In the 1940s as World War 2 was ending and the world agreed to make the dollar the new reserve currency, the Federal Reserve was engaged in a battle to keep interest rates low. To accomplish their goal, the Fed fixed short-term and long-term rates, then engaged in massive open-market operations, or what we refer to today as Quantitative Easing.
To keep rates pegged, the Fed purchased large amounts of Treasury Bills when short-term rates rose and sold Treasury Notes and Bonds when rates fell. During the 1940s it was well understood that when the Fed purchased securities it was attempting to lower rates and when it was selling securities it was attempting to raise rates.
Today, investors believe the Fed’s actions have the exact opposite reaction. While investors today can be right in the short term, by failing to study the history of how the Fed’s policies work, they will eventually find themselves on the wrong side of the market.
By fixing short- and long-term rates, the Fed was hoping to create a positively sloped yield curve. When the yield curve is positively sloped, short-term yields are lower than long-term yields. While it may seem odd, at the time there was not much demand for short-term Treasury Bills so the Fed was forced to intervene to prevent short-term rates from rising and long-term rates from falling.
There was such a lack of demand for Treasury Bills in the early 1940s that the Fed was forced to purchase any amount the dealers could not sell. As a result, the Fed’s balance sheet of Treasury Bills ballooned, and rates held their peg.
When the supply of Treasury Bills exceeded the demand for Treasury Bills, the price of T-Bills fell and yields rose. To prevent yields from rising, the Fed was forced to buy all the excess supply. While it is unknown how high rates might have risen had the Fed not intervened, it is clear that when the Fed purchases securities it is trying to suppress or lower rates.
Today, we have the opposite problem. There is a surplus of cash in the financial system and an insufficient amount of Treasury Bills to back all the cash. When the demand for Treasury Bills is more than the supply of Treasury Bills, prices must rise and yields must fall.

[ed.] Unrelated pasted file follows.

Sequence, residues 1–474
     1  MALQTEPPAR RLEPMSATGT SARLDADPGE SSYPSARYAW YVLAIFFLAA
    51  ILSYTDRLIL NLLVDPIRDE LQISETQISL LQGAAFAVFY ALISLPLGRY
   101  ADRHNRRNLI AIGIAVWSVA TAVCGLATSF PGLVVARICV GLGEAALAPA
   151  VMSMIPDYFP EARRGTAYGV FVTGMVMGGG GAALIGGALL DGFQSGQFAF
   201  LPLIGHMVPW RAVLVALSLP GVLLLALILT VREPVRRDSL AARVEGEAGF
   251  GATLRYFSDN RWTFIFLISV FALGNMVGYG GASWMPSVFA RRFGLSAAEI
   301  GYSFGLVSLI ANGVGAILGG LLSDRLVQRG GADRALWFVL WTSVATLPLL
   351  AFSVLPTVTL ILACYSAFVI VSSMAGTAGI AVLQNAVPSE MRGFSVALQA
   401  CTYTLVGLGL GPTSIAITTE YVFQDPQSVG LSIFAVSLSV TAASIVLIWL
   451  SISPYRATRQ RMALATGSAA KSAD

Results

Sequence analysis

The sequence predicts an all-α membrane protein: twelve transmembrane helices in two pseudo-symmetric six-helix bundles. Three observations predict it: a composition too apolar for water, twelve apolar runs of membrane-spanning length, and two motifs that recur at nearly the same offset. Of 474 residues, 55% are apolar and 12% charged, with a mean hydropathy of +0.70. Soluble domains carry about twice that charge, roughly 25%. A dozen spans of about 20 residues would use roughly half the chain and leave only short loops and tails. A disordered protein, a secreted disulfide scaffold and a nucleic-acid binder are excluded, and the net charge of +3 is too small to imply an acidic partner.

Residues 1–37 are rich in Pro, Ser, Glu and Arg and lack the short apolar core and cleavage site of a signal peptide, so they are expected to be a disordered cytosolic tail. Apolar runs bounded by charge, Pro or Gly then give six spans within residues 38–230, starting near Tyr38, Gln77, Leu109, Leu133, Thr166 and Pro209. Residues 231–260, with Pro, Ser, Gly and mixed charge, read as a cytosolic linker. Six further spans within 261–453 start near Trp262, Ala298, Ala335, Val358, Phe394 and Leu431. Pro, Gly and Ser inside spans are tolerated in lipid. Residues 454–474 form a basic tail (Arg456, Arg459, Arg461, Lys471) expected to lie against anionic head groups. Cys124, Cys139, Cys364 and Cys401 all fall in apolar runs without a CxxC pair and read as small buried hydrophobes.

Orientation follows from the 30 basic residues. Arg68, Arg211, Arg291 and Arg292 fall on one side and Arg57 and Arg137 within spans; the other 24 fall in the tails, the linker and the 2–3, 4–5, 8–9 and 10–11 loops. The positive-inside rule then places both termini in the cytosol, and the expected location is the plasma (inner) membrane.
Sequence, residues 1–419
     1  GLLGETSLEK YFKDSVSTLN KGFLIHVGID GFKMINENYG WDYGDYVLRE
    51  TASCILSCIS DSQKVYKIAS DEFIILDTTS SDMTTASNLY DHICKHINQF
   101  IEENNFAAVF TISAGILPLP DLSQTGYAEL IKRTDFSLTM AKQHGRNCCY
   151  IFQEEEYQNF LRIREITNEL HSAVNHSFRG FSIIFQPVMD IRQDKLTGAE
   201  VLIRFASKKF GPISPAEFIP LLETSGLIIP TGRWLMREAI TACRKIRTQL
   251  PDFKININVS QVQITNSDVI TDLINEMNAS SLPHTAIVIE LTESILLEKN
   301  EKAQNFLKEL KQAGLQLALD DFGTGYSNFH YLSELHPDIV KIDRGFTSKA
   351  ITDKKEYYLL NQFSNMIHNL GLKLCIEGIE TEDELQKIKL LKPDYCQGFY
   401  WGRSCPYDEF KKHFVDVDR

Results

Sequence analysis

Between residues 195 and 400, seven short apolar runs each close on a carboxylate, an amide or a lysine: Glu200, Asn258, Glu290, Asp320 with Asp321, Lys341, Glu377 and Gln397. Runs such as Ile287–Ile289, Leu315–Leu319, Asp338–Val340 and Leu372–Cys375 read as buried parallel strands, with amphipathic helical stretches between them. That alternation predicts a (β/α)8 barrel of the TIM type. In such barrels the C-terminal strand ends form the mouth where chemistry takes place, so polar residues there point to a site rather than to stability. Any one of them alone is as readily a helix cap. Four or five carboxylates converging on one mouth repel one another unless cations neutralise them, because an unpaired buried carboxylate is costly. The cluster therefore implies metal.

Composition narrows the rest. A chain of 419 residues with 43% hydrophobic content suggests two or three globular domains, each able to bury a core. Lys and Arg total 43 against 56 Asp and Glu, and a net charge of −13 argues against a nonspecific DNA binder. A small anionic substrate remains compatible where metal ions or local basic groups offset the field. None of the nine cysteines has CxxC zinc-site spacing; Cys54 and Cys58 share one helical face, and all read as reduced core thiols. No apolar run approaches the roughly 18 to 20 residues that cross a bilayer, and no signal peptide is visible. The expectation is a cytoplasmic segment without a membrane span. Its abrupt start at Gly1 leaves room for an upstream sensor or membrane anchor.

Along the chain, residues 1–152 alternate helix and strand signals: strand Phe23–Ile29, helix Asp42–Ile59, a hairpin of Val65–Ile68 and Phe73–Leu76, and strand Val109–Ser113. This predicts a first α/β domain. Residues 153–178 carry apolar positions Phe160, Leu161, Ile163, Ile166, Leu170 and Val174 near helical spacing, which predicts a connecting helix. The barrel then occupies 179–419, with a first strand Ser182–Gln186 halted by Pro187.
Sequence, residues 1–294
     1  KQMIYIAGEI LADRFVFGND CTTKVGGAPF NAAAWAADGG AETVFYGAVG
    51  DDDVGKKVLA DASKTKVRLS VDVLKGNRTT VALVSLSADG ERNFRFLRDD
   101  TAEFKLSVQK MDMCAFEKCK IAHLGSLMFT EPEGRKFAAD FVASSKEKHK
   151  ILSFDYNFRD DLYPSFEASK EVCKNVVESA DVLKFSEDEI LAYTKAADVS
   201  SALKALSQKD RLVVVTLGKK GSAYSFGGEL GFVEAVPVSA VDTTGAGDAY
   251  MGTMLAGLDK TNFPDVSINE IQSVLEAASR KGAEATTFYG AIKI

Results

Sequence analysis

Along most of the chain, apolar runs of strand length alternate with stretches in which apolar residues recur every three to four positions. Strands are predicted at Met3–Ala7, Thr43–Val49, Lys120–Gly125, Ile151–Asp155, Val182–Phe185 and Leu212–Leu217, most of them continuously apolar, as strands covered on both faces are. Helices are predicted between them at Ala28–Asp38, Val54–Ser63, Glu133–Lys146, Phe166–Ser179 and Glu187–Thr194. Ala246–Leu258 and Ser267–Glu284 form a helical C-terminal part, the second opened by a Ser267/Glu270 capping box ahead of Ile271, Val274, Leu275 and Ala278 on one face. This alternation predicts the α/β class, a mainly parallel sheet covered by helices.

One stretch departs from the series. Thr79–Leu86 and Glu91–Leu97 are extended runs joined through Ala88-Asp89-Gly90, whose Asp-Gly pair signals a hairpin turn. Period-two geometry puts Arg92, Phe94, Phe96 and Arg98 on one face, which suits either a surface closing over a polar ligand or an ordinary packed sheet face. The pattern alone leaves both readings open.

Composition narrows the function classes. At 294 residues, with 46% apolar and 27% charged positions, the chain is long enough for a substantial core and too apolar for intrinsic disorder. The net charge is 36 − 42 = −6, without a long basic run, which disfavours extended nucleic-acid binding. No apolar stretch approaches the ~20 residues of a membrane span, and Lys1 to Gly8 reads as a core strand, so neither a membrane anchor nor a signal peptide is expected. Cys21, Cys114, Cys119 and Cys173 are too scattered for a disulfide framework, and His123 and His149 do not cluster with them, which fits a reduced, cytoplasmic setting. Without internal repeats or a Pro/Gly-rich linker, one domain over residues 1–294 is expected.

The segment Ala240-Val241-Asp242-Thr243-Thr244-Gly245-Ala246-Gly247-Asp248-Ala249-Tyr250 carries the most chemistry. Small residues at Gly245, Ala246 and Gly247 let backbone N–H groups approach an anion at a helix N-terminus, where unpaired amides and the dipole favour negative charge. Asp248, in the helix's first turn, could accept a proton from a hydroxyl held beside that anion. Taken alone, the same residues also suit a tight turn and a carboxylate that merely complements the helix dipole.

In search of yield, investors in the 1940s went out the curve since the Fed was pegging both short- and long-term yields. Due to the increase in demand for long-term Treasury Bonds, investors were able to capitalize on the increase in bond prices in addition to the yield as rates fell below the Fed’s stated peg.
Today, the Fed is not fixing long-term yields but they are trying to drive long-term yields lower by purchasing large amounts of Treasury Notes and Bonds. Investors today are faced with the same dilemma investors were faced during the 1940s.
Courtesy of the Fed’s overnight reverse repurchase agreement program, short-term rates are essentially fixed at 0.05%. Due to the excess demand for Treasury Bills, as evident by the massive amount of cash sloshing around the commercial banking system, short-term yields would be negative had the Fed not intervened.
Even though the common belief today among investors is that long-term yields must rise, investors face no alternative. To earn a yield on their savings, investors must go out the yield curve. While they may not want to, money managers and commercial banks will be forced to.
As long as the Fed continues to engage in Quantitative Easing and fix short-term rates, long-term Treasury yields must fall just as they did in the 1940s. For bond investors, it is inevitable the Fed will eventually flush out all of the short sellers and drive long-term bond prices significantly higher.
History has already shown us how the Fed’s policies work and despite investor’s bets against the Fed, the Fed will prevail. Owning bonds is betting on the Fed, which has shown repeatedly throughout history that they can and do win in the end. Except for this time, the Fed will orchestrate a massive deflationary crash that will send bond prices to new all-time highs.